• Have a switchable NTSC/PAL output option.
  • Have an LED to show when the adapter is powered on.
  • Use a better composite video connector. The one I used moves around too much for my liking.
  • Buffer the video input and put a DB-23F connector on the case so that a monitor could also be connected simultaneously as a TV to the S-video.
  • Get an actual PCB made up.

But those are all tasks for another day. I sent this adapter off to John and hopefully it will allow him to produce some Amigos Plays episodes on actual Amiga hardware. Finger’s crossed that it works for him!

2017-04-03 UPDATE

On request form tankboy I’ve attached a high-res version of the circuit schematic.  This circuit is for connecting to an NTSC S-Video display.

Amiga NTSC RGB to S-Video Adapter

Modifying to work with a PAL display shouldn’t be difficult:

  • Connect pin 1 (STND) of the AD724 to ground instead of +5V.
  • Replace the 3.579545MHz crystal oscillator with a 4.433619MHz one.  Pin 15 on the video connector is also a clock signal from the Amiga, so if you don’t have a crystal oscillator you could use that in a pinch.  But I found that the clock generated from an external crystal oscillator produced a better quality image.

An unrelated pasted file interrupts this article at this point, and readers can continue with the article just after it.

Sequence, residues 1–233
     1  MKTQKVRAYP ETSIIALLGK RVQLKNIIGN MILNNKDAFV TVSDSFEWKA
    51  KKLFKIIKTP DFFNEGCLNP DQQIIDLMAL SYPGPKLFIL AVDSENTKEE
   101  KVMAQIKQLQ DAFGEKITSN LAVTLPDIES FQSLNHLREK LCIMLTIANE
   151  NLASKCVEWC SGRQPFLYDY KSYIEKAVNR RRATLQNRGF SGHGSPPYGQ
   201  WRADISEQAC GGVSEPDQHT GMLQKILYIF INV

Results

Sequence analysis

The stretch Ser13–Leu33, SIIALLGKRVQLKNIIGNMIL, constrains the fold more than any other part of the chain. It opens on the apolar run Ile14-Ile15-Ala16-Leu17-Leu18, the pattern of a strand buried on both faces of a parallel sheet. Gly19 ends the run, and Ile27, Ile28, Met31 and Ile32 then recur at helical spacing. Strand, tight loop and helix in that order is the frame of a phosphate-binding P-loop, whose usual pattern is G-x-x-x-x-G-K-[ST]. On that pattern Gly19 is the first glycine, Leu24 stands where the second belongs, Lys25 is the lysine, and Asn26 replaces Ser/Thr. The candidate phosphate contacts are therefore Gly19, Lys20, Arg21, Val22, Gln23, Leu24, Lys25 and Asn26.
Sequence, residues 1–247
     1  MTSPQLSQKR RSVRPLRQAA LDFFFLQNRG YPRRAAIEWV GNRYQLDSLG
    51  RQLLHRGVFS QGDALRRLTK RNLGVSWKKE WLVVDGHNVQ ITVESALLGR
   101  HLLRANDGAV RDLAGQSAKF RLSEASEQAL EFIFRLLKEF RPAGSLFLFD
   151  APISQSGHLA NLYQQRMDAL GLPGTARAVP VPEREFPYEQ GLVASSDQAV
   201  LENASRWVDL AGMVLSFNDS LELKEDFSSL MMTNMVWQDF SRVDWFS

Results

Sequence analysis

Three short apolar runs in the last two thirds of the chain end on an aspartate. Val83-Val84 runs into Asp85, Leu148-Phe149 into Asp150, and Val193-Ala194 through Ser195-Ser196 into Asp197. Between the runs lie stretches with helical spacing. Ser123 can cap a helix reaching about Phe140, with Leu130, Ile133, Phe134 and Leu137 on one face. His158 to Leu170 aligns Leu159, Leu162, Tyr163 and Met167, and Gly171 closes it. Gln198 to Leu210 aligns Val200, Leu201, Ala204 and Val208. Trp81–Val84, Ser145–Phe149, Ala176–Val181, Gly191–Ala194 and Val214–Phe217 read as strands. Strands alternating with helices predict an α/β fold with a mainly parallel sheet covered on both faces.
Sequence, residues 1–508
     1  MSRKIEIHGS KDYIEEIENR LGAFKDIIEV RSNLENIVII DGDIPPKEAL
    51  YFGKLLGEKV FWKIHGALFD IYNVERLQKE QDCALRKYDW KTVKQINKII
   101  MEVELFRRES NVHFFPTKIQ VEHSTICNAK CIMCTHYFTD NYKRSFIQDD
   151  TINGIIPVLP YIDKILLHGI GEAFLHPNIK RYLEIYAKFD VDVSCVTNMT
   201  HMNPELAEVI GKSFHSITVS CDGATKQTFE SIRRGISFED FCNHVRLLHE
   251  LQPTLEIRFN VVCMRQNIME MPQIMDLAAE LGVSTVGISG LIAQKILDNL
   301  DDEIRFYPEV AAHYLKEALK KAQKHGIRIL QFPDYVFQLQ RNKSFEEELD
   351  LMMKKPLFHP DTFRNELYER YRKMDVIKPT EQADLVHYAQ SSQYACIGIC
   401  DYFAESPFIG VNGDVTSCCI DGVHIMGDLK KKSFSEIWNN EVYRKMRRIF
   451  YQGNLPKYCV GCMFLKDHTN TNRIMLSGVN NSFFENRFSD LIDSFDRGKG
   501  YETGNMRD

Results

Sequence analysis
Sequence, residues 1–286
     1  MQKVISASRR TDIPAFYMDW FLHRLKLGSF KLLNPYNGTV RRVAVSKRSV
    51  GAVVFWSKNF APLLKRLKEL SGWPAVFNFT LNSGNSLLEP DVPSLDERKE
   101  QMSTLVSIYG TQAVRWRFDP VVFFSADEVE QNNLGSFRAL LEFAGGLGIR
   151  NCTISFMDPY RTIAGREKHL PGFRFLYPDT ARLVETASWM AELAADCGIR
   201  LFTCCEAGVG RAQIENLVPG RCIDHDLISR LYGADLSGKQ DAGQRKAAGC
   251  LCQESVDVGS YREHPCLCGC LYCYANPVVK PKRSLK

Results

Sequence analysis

7 thoughts on “Amiga RGB to S-Video Adapter

  • February 8, 2017 at 7:01 am
    Permalink

    You read my mind. It's on my list. I'm currently researching it. From what it looks like I'd need to not only just convert the raw RBG signal to HDMI, but also scan-double it. So it's a bit more complex of a circuit.

  • February 8, 2017 at 5:27 pm
    Permalink

    Yeah except that one is way nicer. 🙂 It does look like we're using similar circuits. It's odd that the 75Ω resistors on the portion of the circuit near the DB-23 connector aren't soldered on both pads. It's like he's removed them from the circuit. I wonder why. I would think that this would throw the impedance off from what the buffer providing the RGB signals from Lisa would be expecting. Interesting…

  • April 3, 2017 at 11:27 am
    Permalink

    This is an awsome project. Is it possible that you share a more high res version of your circuit schematics? It would be of big help for us DIY-ers 🙂 Cheers!

    • April 3, 2017 at 7:35 pm
      Permalink

      I’ve uploaded a PDF copy of the circuit schematic. Hope you find it useful.